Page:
• Currell, Susan. The March of Spare Time: The Problem and Promise of Leisure in the Great Depression. Philadelphia: University of Pennsylvania Press, 2005. Detailed study of leisure-time activities during the Depression, including a chapter on motion pictures and music halls. Places Hollywood’s role in Depression-era culture in the context of other cultural activities and products of the same period.
  • Dooley, Roger. From Scarface to Scarlett: American Films in the 1930’s. New York: Harcourt Brace Jovanovich, 1981. Discusses a wide selection of films, organized in thematic sections. For example, “Continental Style” places Garbo and several of her films in the context of Hollywood’s image of European history and culture.
  • Gabler, Neal. An Empire of Their Own: How the Jews Invented Hollywood. New York: Crown, 1988. Interesting biographical sketches of studio executives. The author is more sympathetic to Louis B. Mayer than are most students of the era.
  • Gronowicz, Antoni. Garbo: Her Story. New York: Simon & Schuster, 1990. Fascinating but controversial perspective on Garbo’s life, ostensibly from Garbo’s point of view. Too valuable to ignore in any study of her career, but readers should use with awareness of its subjectivity. Richard Schickel’s afterword is a model of carefully considered judgment on the strengths and weaknesses of Garbo’s work in Hollywood.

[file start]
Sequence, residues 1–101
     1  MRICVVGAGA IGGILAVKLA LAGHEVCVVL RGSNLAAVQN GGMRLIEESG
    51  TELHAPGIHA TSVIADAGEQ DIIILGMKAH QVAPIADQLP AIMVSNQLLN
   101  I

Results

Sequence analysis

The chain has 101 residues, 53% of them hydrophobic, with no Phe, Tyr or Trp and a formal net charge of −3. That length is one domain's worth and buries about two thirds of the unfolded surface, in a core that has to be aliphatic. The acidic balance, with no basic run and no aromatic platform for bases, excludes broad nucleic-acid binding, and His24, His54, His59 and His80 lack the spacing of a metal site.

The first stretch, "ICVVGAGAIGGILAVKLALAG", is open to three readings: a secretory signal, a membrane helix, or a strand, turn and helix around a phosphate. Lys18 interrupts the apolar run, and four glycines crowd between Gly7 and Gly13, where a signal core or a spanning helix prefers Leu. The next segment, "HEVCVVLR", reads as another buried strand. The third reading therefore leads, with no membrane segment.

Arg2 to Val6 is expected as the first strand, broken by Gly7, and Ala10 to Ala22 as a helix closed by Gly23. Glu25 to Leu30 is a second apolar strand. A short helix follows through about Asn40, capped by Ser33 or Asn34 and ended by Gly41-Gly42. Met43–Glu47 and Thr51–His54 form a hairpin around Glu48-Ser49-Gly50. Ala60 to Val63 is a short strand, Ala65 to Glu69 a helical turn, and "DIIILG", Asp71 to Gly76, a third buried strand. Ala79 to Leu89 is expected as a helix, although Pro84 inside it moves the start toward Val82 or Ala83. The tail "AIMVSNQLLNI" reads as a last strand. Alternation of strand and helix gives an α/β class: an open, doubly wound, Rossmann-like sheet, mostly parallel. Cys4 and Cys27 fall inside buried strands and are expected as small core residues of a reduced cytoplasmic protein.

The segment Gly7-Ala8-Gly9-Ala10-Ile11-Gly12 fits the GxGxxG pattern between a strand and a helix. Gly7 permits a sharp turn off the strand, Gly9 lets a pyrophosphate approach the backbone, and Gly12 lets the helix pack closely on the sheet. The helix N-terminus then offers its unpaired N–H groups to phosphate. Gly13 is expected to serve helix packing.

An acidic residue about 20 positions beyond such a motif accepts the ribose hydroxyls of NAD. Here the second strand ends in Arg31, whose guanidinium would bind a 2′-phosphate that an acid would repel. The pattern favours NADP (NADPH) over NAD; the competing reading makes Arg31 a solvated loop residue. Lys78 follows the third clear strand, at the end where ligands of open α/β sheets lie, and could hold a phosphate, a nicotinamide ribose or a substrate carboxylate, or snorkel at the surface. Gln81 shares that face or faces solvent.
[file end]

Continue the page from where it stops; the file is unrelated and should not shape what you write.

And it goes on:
• Marx, Groucho. Groucho and Me. New York: Bernard Geis, 1959. Rambling, autobiographical reminiscence replete with anecdotes, wisecracks, and some valuable observations on the Marx Brothers’ rise from vaudeville to Hollywood stardom.
  • Tornabene, Lyn. Long Live the King: A Biography of Clark Gable. New York: Putnam, 1976. Traces Gable’s rise to stardom, with more attention to his personal life than to his screen performances. Emphasizes the insecurities of stardom, Gable’s combative personality, and his troubled relationship with Louis B. Mayer.
  • Weales, Gerald. Canned Goods as Caviar: American Film Comedy of the 1930’s. Chicago: University of Chicago Press, 1985. A critical analysis of a dozen comedies, including a challenging critique of Duck Soup.